Thursday, December 11, 2014

Thursday of the Second Week of Advent

Isaiah 41:13-20
Psalm 145
Matthew 11:11-15

REFLECTION: “Don't forget your place...”
Status in society is something that, unfortunately, persists today. In parts of India, caste systems still prevail. In our own community, castes also exist, though we don't dare call them by such polarizing terms. We still segregate and congregate based on obvious things like skin color and gender... and on less obvious things, like wealth, housing situations, and employment status. Sometimes we come by it on the basis of our fear of differences, and at other times, its subtle persuasion that makes it happen. I'll never forget growing up in Anderson, where crossing the railroad tracks behind Anderson High School at John Street was always accompanied by reaching to the door and pushing down on the plunger for the lock. My grandmother did it the moment we approached the tracks, and everyone else in the car was to follow suit. Same thing coming from Noblesville or Lapel back into Anderson... you pass through Edgewood but, before you get up to the K-Mart, and certainly before you hit Raible Avenue, the doors were to be locked.

My grandmother never used foul language to describe people who lived in that part of town; she never spoke disrespectfully about people of any ethnic background. But that quiet snap of the lock made a lasting impact. 'This area, this run down part of town, filled with blacks and Hispanics, is dangerous.' For years afterwards, it was just one of those Pavlovian responses - cross the tracks, lock the doors.

I don't live in Anderson anymore, and even if I did, the matter would be immaterial... my car automatically locks the doors when it hits 15 MPH these days. But when I recall those days, it teaches me a valuable lesson, one that is touched on in our reading today from the prophecy of Isaiah.

As human beings, living in the shadow of Adam's fall, our entire planet is 'run down' in comparison with what it was intended to be; and we, by nature, are all 'have nots', when measured against the holiness of God. Yet, God does not care about our definition of 'haves' and 'have nots'. His own chosen people he refers to as a 'lowly worm', but he passionately declares in the very same verse, "don't be afraid, for I will help you!"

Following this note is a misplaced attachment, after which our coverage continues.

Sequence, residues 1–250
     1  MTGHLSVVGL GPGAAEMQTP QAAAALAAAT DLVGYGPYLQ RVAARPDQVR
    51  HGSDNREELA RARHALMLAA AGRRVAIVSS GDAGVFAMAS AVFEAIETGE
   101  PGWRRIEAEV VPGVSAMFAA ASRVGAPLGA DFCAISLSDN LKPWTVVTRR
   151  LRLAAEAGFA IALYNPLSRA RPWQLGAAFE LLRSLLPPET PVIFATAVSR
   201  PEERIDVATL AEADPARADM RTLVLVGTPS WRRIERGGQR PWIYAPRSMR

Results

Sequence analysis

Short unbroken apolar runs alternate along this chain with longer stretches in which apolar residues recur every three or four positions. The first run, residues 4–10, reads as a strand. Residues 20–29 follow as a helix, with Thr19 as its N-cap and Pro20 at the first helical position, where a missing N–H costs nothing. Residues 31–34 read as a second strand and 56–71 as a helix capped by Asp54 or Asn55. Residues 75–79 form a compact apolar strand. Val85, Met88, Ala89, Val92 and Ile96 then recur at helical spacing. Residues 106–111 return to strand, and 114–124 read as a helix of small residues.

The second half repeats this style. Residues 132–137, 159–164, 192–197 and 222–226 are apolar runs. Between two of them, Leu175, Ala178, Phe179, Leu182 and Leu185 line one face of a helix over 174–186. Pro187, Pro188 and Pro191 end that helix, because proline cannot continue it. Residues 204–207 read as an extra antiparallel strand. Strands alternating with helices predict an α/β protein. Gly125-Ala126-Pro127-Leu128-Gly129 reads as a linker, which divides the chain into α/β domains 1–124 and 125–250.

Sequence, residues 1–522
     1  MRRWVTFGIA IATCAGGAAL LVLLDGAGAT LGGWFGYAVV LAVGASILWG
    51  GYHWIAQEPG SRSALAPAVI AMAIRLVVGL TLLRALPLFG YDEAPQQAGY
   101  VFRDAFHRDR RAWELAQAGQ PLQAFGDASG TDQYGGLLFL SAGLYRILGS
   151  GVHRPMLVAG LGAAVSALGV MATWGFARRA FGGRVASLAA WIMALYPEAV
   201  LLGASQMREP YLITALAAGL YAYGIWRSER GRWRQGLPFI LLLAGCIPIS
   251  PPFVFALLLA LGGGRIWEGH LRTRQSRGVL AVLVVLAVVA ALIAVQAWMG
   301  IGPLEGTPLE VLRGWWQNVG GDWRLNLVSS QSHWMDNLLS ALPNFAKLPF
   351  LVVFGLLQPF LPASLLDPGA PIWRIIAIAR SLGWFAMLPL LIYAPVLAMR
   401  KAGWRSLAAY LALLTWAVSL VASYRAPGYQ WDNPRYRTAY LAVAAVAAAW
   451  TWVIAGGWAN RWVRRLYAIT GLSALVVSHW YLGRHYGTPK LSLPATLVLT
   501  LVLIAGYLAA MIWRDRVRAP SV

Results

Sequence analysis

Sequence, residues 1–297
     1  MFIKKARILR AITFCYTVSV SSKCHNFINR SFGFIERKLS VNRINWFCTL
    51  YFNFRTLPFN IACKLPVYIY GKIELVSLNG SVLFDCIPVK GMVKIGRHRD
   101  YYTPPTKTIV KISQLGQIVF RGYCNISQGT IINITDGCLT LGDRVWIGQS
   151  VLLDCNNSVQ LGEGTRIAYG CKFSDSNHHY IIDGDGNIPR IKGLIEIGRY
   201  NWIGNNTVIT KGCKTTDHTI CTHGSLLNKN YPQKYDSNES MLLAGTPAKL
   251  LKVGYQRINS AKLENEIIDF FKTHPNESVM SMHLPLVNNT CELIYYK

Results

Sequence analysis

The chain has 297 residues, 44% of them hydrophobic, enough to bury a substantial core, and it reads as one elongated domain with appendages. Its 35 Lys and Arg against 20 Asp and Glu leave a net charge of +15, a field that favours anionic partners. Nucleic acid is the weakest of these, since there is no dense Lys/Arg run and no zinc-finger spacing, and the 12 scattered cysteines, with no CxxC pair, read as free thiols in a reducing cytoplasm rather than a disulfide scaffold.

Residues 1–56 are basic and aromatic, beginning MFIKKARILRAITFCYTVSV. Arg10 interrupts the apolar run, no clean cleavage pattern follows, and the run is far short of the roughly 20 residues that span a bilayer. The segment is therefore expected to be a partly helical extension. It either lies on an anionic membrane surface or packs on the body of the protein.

Does that make an impact on you? It should. It should ensure that you never forget your place in the sight of a perfectly holy God. You are fallen, a sinner, in need of bridging the gap that exists between you and Yahweh. And yet, at the same time, you are called as his chosen ones. In baptism you identify with Christ. At table you are nourished with Christ. In life you are called to bear Christ. In death your hope is Christ. This is true no matter who you are. No matter what your place or station in life. No matter your ethnicity, your sins, your failures, or your successes.

So don't forget your place, my brothers and sisters... you live in a 'have not' world... and without Christ Jesus' powerful atonement, you are a 'have not'... but that's no reason to lock the doors, to marginalize others, to ignore their needs, to be blinded to the truth, any more than it is a reason for God to ignore you.

If, as our Gospel reading today proclaims, God's Kingdom is coming with forceful advancement, then we must overcome, by the power of the Spirit, all that would keep us from opening our lives to all those who need Christ Jesus' love. Weather that love needs to be expressed in preaching or provision, personal conversation, or a cup of warm soup, we must stop locking the doors of our hearts and minds, for God would never do such a thing to us. We must open ourselves up to others, touching their lives, just as God, in Christ, reaches out to us.

What part of my life can I 'unlock' to serve Yahweh more faithfully in the midst of this fallen world?